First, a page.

Israeli High Tech Drawing Investors From Beyond The US
Israel’s technology sector is attracting all sorts to its shores, including investors from regions that previously conducted little business in the country, panelists said during Mergermarket’s Israel M&A Forum.
“It used to be the Microsofts and the Ciscos of this world” that came looking for acquisitions in Israel, “now it’s potentially everyone,” thanks to technological convergence, Kobi Samboursky, managing partner and founder of venture capital firm Glilot Capital Partners, said. “It could be automotive, it could be industry, it could be finance. Every company needs high-tech components,” he added.
Buyers now come from virtually all sectors and increasingly from more geographies. “One of the amazing things for the Israeli high-tech scene is that it has become very clear, not just for US players, that this is the place to be,” Samboursky said.
Korean, Chinese and Japanese companies have each discovered Israel as an investment hub in recent years, according to Rutie Adar, head of the Israel-based Samsung Strategy & Innovation Center. In contrast to those new to the country, Samsung has had a scouting presence on the ground since 2001, Adar said.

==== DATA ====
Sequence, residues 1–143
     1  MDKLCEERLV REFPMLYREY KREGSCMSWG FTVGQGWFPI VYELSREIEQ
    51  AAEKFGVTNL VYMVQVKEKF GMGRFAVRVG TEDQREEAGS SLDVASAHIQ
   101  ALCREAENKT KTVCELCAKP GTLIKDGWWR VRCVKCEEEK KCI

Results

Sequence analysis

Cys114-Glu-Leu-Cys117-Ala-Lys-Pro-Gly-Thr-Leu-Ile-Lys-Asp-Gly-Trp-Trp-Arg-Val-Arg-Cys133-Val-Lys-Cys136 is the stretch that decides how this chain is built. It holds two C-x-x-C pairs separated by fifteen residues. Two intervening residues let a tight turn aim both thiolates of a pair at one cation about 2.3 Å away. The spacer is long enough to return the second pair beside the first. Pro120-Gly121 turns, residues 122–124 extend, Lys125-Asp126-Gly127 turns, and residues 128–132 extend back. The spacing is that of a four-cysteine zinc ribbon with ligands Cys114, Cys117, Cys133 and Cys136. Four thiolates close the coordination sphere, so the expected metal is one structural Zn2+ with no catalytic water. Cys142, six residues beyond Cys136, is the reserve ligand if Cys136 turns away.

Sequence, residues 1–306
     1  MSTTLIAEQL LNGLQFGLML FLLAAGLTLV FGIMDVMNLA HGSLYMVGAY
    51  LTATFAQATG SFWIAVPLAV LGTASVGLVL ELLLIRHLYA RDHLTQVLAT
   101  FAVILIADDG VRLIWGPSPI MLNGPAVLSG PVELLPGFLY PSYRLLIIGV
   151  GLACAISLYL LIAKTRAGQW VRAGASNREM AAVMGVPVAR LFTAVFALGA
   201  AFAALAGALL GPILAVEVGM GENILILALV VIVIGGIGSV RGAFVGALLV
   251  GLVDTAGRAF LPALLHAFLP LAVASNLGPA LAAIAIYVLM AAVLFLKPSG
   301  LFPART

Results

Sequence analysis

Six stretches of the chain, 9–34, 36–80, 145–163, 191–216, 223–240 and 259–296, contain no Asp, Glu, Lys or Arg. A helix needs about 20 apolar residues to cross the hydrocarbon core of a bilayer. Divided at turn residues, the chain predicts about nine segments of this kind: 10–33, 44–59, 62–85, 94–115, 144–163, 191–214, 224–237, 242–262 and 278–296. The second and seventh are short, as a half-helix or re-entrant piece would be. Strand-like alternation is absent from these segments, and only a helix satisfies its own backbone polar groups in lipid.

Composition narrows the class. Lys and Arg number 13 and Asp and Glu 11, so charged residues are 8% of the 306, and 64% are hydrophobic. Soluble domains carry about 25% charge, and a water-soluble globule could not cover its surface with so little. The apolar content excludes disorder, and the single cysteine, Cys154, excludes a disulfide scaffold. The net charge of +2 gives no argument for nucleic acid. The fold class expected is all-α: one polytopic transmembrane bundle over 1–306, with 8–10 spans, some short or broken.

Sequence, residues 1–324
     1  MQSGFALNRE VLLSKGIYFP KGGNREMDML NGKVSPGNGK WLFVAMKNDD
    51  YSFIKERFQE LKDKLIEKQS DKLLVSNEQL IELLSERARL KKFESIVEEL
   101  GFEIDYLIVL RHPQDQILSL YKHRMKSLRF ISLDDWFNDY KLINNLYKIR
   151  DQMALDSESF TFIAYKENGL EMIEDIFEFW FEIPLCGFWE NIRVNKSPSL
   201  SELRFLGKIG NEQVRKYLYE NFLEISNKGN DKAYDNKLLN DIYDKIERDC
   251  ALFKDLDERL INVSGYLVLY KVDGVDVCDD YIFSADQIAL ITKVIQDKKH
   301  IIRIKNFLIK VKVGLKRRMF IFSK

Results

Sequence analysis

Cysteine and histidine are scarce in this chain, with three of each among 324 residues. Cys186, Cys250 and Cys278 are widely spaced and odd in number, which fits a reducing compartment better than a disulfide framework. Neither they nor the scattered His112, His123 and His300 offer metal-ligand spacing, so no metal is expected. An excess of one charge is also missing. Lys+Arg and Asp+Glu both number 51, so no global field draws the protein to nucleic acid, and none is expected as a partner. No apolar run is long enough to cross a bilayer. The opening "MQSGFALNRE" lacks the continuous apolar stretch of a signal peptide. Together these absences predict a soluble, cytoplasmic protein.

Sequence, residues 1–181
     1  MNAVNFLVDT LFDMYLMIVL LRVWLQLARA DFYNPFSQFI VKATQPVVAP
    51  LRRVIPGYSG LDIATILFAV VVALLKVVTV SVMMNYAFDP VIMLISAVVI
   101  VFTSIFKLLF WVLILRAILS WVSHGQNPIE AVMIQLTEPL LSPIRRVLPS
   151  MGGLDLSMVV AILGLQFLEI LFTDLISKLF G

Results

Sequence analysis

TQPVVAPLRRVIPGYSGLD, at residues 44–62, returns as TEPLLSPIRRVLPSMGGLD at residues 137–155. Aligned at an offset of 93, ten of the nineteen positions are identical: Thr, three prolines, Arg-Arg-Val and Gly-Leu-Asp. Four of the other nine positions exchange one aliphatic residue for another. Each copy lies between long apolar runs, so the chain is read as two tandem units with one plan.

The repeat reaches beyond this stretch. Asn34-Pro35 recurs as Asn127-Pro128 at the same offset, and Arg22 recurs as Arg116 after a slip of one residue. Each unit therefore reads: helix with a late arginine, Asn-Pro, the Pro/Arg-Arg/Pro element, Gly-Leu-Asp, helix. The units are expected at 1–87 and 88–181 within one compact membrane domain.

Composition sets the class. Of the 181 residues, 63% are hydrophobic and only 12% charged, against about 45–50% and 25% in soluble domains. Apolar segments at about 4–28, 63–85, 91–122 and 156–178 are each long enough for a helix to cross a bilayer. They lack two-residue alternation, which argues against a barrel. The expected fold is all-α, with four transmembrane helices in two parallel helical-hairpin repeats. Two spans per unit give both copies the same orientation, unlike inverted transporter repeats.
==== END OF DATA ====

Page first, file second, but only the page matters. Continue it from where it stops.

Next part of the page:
There was broad consensus among panelists that Asian players, particularly Japanese firms, will be increasingly influential generating Israeli M&A, though as yet, such inbound investment has not significantly materialized. Of Israel’s top 10 largest M&A deals last year, only one – Mitsubishi’s [TYO:8058] USD 885m acquisition of pharma company NeuroDerm – was undertaken by an Asia-headquartered firm.
“The Japanese are very active, not intensively in M&A, but they are showing a lot of interest in R&D and in commercial operations,” said Ran Hai, a partner at Israeli law firm HFN, said. “I think they are going to be a very big player in the next couple of years” in the M&A space, Hai added.
The challenge ahead is likely to lie in how Israeli businesses take advantage of this new wave of interest.
Read More: Forbes